CLUE #9 of “The Great Jesus Whodunnit Mystery Contest” is now posted
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IN CASE YOU WERE PAYING ATTENTION:
If you have followed the first eight clues of the “Great Jesus Whodunnit Mystery Contest” my guess is you are an individual who fearlessly unlocks the gates of secrecy concealing millennia of Christian dogma. I won’t be giving too much away to sum up your investigation’s success so far: A. There were no Jews who ever testified Jesus said he was “King of the Jews.” (So none of them accused him of sedition, the capitol crime). B. Jews who supposedly preferred “Satan’s spawn” (Bar-abbas) choosing his life over Jesus (God’s son, as the Gospels portray) had no basis for identifying the Jews with Satan. Jesus never called the Hebrew People satanic and constantly sought his disciples’ return to the traditions of the Hebrew community. C. Upon looking into the matter (the Gospel texts), you have discovered there was somebody else who did want to kill Jesus. He was the tetrarch of the Galilee. D. His motive for wanting to kill Jesus required the necessary Roman charge of sedition just as was inscribed atop the cross (perchance a legal charge he may have brought) which is as as yet unlinked directly to him. However, you have learned from a neighbor about an individual whom the tetrarch did execute for being “exactly like Jesus.” E. Upon investigating this other fellow’s grim fate, you have learned that he had made provocative speeches decrying the tetrarch’s adulterous marriage, insulting both him and his sinful wife. What you now have garnered about that marriage: When he took her to bed as his wife, the tetrarch was already married to an Arab woman named Phaesalis, the daughter of a famed Nabatean warrior king, Aretas who fled from the lovenest of his new bride. Indeed, the tetrarch’s new wife was especially offended because she was accused not only of still being married–but to the half brother of her own new husband. Philip, in fact, was quite alive enough to complain bitterly he had never given her a divorce, nor would he grant her one. Well, the Romans had done that even if the administrative ceremony stood little stead with the one who had put himself at risk, snarking his castigations. Even more precarious to his well-being, he had mustered his faithful following to cheer on the warriors of Aretas when they entered the Galilee to avenge Phaesalis’ humiliating banishment from the palace home. F. AND, so, as your investigation has revealed, he indeed went too far, inciting his followers to support the Nabatean’s revenge in a military incursion. SEDITION! and was guilty of a Roman capitol crime…falling prey to the legal talons of the tetrarch’s eagle, let loose upon him by the administrative laws of Rome.
But, were John’s set of circumstances cast in the same mold as Jesus?
Clue #9 (Context)
Time to let the “gnat” out of the bag. (Didn’t think I could keep his identity a secret forever, did you?) John (uh-huh) later called the “Baptist,” Jesus’ beloved cousin who was born just six months before him to his aunt Elizabeth, had publicly scorned the un-sanctioned marriage (Ok, the tetrarch was Herod the Great’s son, Antipas who basically stole his brother Philip’s wife, Herodias) and went on to incite northern Galileans (according to Josephus) to support Aretas’ revenge for humiliating his former, true wife, Phaesalis. Forget the head on the platter and that sexy dance by the daughter, please.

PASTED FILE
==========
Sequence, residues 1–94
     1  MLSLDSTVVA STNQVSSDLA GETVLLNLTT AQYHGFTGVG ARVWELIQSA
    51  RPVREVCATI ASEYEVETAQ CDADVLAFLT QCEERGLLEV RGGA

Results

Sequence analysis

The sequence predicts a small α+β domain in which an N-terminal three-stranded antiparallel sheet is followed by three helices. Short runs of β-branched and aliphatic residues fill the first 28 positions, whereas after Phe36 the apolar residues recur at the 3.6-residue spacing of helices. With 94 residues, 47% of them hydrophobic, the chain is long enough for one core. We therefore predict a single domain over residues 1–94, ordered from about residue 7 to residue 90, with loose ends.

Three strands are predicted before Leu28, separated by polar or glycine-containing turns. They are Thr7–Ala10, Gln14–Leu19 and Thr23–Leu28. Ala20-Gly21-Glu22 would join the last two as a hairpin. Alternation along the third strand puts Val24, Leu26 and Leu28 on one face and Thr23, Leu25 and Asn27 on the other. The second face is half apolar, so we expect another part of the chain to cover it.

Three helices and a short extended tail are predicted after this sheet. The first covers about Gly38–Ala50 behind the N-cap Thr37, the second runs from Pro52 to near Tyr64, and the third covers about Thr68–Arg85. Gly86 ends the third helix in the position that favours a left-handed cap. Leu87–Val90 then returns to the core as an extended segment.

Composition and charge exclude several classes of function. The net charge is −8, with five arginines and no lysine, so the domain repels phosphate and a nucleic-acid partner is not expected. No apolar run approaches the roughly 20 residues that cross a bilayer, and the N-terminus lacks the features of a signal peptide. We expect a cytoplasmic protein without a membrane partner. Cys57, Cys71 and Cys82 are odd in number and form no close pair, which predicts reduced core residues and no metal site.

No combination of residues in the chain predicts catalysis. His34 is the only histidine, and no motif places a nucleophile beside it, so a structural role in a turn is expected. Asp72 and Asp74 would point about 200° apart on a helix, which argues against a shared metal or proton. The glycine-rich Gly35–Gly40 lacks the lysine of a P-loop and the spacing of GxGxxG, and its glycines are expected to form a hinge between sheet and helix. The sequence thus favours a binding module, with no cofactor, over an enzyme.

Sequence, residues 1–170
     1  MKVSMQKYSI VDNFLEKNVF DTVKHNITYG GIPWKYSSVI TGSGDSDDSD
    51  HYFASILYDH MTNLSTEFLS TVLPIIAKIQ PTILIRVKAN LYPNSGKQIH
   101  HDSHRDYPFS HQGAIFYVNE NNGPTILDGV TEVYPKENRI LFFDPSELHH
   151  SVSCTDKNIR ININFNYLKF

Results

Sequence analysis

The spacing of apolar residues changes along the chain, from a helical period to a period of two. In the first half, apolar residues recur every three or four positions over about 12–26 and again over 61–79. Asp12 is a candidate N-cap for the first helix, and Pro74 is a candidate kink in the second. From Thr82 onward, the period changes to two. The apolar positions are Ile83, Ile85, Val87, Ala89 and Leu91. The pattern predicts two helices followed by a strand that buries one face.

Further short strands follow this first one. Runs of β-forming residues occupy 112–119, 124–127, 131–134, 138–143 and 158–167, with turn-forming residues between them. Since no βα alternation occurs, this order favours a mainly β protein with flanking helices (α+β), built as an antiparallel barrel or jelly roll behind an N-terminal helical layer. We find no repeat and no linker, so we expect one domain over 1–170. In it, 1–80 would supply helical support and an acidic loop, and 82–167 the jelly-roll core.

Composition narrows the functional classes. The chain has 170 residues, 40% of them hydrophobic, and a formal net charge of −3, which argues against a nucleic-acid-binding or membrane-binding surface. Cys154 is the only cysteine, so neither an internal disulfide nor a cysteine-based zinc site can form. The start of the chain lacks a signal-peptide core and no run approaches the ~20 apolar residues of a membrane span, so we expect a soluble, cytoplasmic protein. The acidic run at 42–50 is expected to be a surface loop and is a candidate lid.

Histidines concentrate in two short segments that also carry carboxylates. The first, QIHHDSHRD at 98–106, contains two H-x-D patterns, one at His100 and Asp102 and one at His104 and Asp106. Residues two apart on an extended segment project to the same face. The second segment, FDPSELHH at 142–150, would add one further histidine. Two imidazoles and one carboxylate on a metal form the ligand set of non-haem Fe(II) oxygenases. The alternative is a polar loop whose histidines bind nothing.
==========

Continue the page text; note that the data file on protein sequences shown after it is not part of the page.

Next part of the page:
Now we come to some serious investigative stuff. When you examine the “neighborhood”of Antipas’ palace not too many days after John is executed, you receive a report from different local palace workers who have overheard Antipas. He is very upset about something.
He has heard that after he executed John there was a gathering of his followers, and a new leader (Jesus) appeared. Somebody who seemed to speak to the mourners appeared to console and even take his place. Antipas wants to know everything about him. Here’s some of what they can tell him, as your investigation of the Gospels reveals:
First, you may be surprised that Antipas doesn’t even know who he is. Therefore he asks, “Who is this I’m hearing about?” (Luke 9:9).
Sarcastically, he wonders aloud whether John has come back to life, since word has reached him that they all went into the water with him just like they always did with John. But then his spies who were at the gathering say what they overheard: he spoke of Antipas’ city council as bending whatever way the political winds might blow, scoffing they only appreciated people who dressed like they belonged in a palace…or only cared when it came to judging others–then solemnly warned God would judge them by their own false accusations of John.
If Antipas, upon hearing these reports, would have dismissed Jesus as a harmless annoyance, he was soon forced to change his mind–inasmuch as a matter of serious proportion arose. Jesus had just about completed his words with a profound homage to John, declaring for all to hear: “Truly, I say to you, there has never been anyone greater than John!” when he paused and looking directly at Antipas’ spies a ways from the water’s edge, as they waited for him to finish so they might return to their tetrarch with the report, proclaimed, “And not only may no man divorce his wife, but no woman may divorce her husband. And if she divorces her husband and marries another, she commits adultery!” (Mark 10:11-12)
CLUE #9: Antipas has learned that Jesus echoed the insult to Herodias for which he executed John. He wants to kill him for “being another John.” But what does the tetrarch need to do in order to build a case against Jesus which will stand the test of Roman jurisprudence. (Accusing the tetrarch and his wife are not a capitol offense, and there must be a supportable capitol charge for an execution).